There’s evidence to suggest margin financing and securities lending balances are continuing to grow domestically; balances exceeded RMB1.1trn in 2015, according to KPMG statistics. However, regulations do not currently permit offshore participants to engage directly.
In addition, extreme stock market volatility two years ago means the Chinese Securities Regulatory Commission’s (CSRC) focus has shifted away from continuing liberalisation of markets towards stabilisation. This approach has extended to securities finance.
“China will want to move at its own pace when liberalising capital markets – they will not be forced into running at anyone else’s pace,” says HSBC’s Patel. “ They will have a very thoughtful and systematic approach to securities lending alongside the general evolution of the capital markets. It will take time but I think there is a growing appreciation of what securities lending can offer the market – liquidity provision, encouraging domestic flows and encouraging multi-asset strategies.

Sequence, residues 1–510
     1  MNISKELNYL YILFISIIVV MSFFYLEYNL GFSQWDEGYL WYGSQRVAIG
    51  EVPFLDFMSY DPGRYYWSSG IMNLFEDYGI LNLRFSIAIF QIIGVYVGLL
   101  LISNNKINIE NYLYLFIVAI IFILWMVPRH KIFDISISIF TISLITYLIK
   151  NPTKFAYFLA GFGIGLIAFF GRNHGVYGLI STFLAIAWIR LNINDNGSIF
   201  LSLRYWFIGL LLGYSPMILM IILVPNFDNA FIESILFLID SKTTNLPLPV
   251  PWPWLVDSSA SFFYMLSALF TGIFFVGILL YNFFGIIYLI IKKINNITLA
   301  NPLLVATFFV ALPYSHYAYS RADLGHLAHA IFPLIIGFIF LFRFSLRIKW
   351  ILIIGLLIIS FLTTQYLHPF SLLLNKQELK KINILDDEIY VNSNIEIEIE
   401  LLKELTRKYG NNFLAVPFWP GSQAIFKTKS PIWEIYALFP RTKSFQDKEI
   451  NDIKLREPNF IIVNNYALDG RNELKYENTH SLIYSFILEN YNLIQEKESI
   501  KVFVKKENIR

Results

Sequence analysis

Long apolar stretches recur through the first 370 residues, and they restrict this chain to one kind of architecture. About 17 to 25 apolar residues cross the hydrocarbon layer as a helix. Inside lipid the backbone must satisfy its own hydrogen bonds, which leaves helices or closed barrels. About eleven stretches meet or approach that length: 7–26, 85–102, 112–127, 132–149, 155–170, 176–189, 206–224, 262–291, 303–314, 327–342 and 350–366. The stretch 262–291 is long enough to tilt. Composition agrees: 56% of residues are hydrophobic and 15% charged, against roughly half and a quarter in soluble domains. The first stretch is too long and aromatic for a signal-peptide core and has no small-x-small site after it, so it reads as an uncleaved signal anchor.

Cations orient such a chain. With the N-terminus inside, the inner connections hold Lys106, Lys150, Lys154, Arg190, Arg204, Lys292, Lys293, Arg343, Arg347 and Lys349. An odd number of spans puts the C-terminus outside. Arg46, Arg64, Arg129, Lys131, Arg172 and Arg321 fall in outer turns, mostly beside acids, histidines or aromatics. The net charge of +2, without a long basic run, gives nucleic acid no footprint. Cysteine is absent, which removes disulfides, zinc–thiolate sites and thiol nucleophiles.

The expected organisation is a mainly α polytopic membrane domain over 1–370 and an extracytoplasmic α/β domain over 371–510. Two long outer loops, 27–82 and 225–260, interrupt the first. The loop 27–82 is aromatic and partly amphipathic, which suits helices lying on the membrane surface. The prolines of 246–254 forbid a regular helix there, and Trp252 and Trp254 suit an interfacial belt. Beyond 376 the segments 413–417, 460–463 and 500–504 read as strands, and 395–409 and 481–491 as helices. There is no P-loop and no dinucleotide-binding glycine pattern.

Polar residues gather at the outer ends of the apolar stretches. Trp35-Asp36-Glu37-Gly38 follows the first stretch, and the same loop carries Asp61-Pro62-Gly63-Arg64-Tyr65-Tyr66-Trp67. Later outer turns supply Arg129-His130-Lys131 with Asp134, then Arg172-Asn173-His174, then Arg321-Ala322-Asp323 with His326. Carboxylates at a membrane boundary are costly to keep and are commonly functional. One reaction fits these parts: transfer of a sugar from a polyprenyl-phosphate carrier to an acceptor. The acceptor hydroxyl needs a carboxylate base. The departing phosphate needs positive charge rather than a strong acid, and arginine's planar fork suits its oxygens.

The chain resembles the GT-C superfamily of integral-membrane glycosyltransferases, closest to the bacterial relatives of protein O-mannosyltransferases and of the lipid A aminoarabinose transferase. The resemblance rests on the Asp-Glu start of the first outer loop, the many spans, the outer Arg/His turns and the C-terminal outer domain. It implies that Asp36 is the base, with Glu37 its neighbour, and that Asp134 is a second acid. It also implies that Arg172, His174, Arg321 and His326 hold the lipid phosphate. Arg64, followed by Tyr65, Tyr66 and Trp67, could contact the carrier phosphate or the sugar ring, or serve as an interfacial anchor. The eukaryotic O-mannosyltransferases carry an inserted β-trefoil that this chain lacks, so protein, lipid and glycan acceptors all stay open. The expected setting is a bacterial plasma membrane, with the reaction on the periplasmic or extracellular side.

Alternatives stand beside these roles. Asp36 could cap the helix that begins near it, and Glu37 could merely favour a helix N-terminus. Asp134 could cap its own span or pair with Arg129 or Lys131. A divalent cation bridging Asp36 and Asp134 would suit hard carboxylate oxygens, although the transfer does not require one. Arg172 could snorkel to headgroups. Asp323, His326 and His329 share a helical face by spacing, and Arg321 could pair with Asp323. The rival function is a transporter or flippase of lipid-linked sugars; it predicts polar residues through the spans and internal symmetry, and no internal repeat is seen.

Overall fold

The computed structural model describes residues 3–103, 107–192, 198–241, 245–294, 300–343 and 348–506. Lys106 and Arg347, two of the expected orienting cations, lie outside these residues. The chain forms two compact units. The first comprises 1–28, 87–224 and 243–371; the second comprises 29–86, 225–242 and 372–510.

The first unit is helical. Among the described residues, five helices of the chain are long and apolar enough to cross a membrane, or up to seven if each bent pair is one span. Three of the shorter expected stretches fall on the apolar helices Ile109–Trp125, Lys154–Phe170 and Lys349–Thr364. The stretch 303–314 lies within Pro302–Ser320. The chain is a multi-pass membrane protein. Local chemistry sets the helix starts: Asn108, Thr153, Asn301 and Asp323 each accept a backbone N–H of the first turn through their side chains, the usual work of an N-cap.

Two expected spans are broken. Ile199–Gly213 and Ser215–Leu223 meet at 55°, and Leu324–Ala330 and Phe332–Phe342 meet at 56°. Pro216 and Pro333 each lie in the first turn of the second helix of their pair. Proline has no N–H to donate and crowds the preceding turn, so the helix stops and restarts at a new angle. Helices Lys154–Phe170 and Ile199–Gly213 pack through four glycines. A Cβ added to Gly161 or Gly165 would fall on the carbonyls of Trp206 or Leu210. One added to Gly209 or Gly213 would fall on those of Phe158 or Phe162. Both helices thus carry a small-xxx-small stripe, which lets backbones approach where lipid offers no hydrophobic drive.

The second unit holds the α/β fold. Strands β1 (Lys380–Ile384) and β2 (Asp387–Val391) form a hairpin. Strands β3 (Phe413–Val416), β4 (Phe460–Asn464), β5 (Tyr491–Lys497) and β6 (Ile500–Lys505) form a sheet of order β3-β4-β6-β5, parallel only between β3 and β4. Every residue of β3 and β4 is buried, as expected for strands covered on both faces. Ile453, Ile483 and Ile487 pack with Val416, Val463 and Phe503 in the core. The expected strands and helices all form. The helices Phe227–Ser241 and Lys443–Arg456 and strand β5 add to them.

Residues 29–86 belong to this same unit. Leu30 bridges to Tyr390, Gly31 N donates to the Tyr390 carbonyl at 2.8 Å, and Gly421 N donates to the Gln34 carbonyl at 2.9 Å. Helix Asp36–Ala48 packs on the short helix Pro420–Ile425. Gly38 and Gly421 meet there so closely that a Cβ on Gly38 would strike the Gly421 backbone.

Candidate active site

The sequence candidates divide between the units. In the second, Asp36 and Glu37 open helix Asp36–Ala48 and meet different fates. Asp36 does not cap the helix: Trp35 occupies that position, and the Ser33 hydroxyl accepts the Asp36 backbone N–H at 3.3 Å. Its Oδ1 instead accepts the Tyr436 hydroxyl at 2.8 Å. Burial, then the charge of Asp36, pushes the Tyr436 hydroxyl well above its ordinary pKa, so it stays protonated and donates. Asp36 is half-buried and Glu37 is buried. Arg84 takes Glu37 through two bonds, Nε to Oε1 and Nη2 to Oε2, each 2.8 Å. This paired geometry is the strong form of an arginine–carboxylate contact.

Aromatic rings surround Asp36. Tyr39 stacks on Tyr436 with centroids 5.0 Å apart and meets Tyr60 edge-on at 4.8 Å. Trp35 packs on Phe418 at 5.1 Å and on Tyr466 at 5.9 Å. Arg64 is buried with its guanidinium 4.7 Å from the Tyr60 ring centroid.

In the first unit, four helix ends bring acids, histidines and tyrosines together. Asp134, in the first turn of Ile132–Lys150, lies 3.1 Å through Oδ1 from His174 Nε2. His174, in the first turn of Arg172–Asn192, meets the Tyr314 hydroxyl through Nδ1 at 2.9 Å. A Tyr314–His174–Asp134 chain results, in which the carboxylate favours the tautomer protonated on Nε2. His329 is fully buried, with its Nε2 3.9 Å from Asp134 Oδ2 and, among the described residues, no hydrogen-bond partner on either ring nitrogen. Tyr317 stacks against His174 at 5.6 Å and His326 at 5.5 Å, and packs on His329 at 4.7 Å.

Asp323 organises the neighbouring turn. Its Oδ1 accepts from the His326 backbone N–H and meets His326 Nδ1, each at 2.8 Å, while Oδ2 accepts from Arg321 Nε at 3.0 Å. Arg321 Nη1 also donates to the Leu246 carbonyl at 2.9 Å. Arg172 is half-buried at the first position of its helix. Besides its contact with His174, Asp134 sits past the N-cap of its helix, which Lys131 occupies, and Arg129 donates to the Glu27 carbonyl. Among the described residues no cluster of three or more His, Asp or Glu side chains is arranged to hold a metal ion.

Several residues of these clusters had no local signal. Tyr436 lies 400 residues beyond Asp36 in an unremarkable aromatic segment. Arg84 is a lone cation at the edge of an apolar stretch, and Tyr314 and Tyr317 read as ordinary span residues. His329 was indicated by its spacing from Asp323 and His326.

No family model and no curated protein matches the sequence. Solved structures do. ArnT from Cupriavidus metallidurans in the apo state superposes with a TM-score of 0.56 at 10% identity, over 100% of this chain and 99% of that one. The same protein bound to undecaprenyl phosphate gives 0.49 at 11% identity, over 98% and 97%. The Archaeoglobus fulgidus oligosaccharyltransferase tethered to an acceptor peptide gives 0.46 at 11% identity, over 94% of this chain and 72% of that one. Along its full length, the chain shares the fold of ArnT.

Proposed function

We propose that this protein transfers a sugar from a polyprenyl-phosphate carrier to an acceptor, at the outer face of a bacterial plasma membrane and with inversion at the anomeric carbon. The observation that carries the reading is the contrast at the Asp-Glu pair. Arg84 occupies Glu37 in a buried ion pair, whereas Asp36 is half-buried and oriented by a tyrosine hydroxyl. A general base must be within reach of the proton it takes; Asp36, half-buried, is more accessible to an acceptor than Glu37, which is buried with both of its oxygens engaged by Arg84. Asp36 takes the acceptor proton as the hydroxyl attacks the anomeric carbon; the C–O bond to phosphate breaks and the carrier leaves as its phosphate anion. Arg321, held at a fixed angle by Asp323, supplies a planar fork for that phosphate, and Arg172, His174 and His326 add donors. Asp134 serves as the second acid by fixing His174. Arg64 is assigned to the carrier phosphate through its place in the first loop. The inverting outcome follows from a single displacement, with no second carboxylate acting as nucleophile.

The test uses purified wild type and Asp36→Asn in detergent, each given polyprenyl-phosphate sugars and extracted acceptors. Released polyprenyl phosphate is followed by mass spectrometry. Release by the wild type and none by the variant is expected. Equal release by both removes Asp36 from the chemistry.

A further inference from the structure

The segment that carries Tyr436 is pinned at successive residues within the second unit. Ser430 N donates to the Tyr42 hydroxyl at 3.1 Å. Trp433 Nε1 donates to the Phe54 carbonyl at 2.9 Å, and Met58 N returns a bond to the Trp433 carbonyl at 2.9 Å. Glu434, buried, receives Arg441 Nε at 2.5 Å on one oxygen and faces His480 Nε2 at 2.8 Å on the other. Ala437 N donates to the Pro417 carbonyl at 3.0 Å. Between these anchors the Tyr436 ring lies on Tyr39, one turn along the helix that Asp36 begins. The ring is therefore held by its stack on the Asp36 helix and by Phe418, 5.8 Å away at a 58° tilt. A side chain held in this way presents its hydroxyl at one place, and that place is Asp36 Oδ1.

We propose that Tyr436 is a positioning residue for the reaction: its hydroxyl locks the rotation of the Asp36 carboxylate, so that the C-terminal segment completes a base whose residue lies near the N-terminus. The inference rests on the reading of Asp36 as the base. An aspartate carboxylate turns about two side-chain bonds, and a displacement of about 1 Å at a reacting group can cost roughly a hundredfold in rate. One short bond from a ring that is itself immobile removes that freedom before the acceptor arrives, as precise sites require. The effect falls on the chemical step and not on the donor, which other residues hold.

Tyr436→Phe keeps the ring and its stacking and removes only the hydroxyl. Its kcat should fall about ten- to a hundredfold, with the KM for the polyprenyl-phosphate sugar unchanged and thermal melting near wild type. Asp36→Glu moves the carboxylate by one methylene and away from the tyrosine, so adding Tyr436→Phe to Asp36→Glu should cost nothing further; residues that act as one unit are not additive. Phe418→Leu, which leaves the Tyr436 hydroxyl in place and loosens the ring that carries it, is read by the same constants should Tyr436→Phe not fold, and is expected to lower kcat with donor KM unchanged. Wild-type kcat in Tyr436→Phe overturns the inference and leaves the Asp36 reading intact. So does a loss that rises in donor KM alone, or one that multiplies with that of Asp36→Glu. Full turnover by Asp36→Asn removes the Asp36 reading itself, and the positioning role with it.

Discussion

“There is no doubt that China will be one of the biggest lending markets globally. I am sure about that. But it will not happen in the short term.”
Davin Cheung, global funding and financing sales, APAC, Clearstream Banking says that the prospect of tri-party in China is “quite exciting”, given it is the third biggest bond market in the world and there are thriving OTC and exchange markets for cash and bond repos, plus a growing stock loan market.